Watercolor on paper, c. 1940
sheet 22 1/4 x 30 inches
Museum purchase with funds from prior gift of the Virginia Steele Scott Foundation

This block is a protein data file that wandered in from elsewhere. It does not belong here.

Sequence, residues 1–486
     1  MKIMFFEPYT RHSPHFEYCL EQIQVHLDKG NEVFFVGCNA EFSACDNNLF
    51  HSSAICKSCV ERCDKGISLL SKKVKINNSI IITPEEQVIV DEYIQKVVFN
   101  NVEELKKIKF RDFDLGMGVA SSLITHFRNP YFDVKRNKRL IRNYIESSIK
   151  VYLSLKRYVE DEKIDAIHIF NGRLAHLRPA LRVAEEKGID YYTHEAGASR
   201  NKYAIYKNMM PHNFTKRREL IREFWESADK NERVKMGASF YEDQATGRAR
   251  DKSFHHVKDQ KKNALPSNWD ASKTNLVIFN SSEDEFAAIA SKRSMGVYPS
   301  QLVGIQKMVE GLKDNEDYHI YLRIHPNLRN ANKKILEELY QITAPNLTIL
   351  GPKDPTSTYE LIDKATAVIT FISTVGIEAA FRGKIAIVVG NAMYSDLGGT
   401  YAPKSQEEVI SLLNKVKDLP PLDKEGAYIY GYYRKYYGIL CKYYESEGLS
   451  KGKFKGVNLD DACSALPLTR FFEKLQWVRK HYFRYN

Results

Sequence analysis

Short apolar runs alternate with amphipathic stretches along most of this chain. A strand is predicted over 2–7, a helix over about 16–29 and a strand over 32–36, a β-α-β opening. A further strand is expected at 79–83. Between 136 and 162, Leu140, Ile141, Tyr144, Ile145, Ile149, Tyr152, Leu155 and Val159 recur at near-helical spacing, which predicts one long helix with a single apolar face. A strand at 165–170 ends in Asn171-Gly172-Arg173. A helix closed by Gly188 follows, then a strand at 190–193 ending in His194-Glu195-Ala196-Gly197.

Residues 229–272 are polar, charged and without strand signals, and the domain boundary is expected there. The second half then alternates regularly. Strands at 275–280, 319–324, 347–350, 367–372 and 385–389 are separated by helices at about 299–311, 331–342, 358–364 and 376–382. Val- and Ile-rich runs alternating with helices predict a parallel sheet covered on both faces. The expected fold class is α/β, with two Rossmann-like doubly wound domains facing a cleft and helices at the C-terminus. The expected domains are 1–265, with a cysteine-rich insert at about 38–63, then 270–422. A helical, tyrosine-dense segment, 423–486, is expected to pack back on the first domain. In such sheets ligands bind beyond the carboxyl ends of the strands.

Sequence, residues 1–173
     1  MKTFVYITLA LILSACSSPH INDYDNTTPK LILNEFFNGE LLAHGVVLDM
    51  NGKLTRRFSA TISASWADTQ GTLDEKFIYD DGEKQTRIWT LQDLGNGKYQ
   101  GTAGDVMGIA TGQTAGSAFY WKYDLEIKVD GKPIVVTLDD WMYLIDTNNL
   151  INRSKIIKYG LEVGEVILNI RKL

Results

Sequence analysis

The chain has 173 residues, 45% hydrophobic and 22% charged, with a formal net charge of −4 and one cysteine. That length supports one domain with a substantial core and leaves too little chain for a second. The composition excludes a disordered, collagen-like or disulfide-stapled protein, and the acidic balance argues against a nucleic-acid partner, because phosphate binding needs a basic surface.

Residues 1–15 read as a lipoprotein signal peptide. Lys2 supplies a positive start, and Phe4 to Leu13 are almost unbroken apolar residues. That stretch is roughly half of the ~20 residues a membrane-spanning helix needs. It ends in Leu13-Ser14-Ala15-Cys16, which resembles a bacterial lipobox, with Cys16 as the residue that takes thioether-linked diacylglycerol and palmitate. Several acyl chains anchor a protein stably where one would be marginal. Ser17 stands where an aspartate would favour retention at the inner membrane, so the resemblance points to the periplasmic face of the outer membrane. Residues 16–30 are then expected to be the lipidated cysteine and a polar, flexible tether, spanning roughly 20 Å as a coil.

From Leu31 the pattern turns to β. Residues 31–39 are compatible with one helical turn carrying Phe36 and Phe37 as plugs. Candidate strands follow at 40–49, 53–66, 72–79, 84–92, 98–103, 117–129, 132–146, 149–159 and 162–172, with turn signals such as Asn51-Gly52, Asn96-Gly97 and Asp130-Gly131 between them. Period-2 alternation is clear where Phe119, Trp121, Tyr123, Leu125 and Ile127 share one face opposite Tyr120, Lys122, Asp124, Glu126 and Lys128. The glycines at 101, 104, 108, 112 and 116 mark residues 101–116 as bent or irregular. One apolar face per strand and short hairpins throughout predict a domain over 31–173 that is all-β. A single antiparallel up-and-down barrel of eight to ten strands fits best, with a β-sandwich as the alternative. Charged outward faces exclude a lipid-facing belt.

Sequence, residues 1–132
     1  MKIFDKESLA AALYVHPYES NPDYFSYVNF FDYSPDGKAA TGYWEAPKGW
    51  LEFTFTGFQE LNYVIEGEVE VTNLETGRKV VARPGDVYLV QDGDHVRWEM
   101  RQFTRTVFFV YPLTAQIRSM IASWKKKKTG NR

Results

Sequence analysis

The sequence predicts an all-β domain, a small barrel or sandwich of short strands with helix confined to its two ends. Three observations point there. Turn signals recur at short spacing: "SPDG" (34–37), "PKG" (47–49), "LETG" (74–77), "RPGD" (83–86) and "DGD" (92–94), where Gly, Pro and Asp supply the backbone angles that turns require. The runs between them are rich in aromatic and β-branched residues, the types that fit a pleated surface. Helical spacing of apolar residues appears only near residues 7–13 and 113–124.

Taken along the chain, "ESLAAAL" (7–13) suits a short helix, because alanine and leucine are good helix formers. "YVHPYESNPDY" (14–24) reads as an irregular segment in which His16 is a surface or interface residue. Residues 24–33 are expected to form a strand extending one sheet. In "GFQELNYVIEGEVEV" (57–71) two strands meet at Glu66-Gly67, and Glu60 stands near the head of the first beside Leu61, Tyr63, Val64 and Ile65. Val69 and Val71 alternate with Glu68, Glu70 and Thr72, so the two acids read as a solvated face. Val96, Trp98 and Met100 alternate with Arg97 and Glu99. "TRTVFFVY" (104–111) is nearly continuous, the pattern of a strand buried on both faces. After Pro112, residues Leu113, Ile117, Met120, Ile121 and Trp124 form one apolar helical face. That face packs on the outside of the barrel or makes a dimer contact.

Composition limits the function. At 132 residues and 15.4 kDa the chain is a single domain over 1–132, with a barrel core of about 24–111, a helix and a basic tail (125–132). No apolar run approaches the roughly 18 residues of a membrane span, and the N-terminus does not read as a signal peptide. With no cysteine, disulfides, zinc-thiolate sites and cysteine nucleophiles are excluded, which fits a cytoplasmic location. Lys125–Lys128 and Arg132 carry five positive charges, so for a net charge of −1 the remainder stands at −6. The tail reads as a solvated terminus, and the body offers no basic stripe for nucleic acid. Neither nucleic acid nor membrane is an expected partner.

Stan Backus achieved great depth and feeling in this view of a gathering storm with a diminutive automobile meandering down a country road. The application of dabs of green and yellow to the rolling countryside enlivens the overall drab grey and brown of the darkening scene. The atmospheric conditions are palpable: the smell of dampness in the air, the weak sun barely breaking through the clouds, the rustle of the wind through grasses in the foreground. Backus described the landscape quickly with bold brushwork and a wet-into-wet technique, letting the white of the paper act as a significant source of negative space in the composition. The watercolor, which has the immediacy of one captured outdoors in a single sitting, has the hallmarks of the work of the California school active in the state during the 1930s and early 1940s. Like Backus, many of the watercolor painters active during the Depression era were members of the California Water Color Society. These painters created mainly positive scenes of urban and rural life and can be located historically within the context of the national American Scene movement.